Friday, November 16, 2012

Two Of The Best Scary Read-Alouds For Elementary

It's Diwali! I mean it's Tihar! So let's share our favorite Halloween read-alouds.

It took me a while to figure out how exactly I wanted to share these stories. I finally decided on SoundCloud as the best way. Listening to the two sound files I realized that
a) I probably should have rehearsed reading the stories a couple of times, and
b) They need some music and sound effects. Maybe I'll do that next Halloween.

So anyway here is a belated post showcasing my two favorite Halloween stories that are appropriate for all ages.

1) "Simon and the Magic Catfish" by Nat Whitman
August House specializes in fantastic read alouds. Their books are great! My favorite book that they publish might be Greek Myths, Western Style. It forces you to tell greek mythology in a southern accent. It's brilliant. And then there's this book:
Not all of the stories are great read alouds, but some are fabulous. And "Simon and the Magic Catfish" is the best non-threatening one. "Johnny and the Dead Man's Liver" is great, but it's a bit scary, and I wouldn't read it to kids under 9 years old.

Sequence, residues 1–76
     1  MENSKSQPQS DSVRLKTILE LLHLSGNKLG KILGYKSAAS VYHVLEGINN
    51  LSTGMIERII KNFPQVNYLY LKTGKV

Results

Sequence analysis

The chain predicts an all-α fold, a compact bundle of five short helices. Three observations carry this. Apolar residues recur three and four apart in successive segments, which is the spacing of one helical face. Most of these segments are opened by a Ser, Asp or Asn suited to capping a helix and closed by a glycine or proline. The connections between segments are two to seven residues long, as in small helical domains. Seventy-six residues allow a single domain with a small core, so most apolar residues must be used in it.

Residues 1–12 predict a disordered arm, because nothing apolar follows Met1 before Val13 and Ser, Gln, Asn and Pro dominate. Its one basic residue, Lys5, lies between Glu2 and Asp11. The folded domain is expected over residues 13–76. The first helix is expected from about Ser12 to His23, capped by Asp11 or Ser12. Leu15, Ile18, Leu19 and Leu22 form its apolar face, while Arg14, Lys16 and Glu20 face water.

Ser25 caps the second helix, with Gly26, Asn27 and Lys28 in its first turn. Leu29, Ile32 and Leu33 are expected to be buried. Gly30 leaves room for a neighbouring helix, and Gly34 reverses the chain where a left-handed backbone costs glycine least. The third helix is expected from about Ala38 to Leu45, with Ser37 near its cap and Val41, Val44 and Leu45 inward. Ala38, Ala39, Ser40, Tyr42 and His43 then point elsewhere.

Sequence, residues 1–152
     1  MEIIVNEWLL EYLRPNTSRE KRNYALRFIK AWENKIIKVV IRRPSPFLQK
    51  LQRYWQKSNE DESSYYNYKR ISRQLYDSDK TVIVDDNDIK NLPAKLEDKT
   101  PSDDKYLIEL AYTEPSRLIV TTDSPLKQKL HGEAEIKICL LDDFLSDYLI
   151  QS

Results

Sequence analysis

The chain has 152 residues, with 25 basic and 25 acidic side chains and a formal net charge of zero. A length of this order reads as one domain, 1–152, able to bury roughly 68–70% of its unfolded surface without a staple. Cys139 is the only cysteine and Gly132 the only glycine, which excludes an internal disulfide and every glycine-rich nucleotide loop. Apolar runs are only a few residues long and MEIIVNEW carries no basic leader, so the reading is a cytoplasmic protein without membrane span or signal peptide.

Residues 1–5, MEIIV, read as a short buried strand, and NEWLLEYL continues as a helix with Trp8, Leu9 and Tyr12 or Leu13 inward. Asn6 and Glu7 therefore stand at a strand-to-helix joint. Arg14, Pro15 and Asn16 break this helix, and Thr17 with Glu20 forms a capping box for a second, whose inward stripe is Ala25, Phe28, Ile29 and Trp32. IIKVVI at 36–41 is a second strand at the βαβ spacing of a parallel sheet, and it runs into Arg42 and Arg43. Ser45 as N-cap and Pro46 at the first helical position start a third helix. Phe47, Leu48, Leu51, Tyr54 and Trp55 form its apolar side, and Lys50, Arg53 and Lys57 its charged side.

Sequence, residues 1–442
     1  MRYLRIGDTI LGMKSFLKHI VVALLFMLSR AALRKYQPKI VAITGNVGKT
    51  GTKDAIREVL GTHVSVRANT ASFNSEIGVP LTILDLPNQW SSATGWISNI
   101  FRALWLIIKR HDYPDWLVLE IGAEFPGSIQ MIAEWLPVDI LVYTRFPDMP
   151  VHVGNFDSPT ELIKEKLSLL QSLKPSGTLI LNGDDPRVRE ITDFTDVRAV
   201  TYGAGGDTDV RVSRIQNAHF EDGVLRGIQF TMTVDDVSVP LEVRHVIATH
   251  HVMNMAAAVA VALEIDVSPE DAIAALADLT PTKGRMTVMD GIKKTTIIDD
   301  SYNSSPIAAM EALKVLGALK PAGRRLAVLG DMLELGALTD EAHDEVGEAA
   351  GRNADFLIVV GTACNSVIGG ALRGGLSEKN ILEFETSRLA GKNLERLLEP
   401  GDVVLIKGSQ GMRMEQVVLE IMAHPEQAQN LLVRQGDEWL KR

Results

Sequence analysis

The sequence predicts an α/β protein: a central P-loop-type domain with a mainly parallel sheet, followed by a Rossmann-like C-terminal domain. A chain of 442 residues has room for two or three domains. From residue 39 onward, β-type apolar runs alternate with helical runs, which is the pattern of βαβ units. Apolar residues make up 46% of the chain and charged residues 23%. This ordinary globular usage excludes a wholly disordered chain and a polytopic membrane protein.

What makes "Simon and the Magic Catfish" so great to read aloud is that it has a chorus. And any story that has a chorus automatically allows the audience to participate in the read aloud. In this story, the chorus is: 
Cuz the catfish want to go home. Yeah yeah yeah.
Cuz the catfish want to go home. Yeah yeah yeah.

I don't know how to make the 3 yeahs sound natural, so I cut it down to two. It's such a fun read when the audience is part of this story. Unfortunately I don't have a recording of me doing it with the elementary school, although I did read it this year to the whole school and it was a lot of fun. But here is me reading "Simon and the Magic Catfish" without an audience.

2) "Wylie and the Hairy Man"
This story comes from another fun compilation:

What makes "Wylie and the Hairy Man" so nice is the dialogue. And like Greek Myths, Western Style, the language almost forces the narrator to talk with a southern accent. I read this story for the whole elementary last year. I don't have that take, so here is me reading it without an audience.

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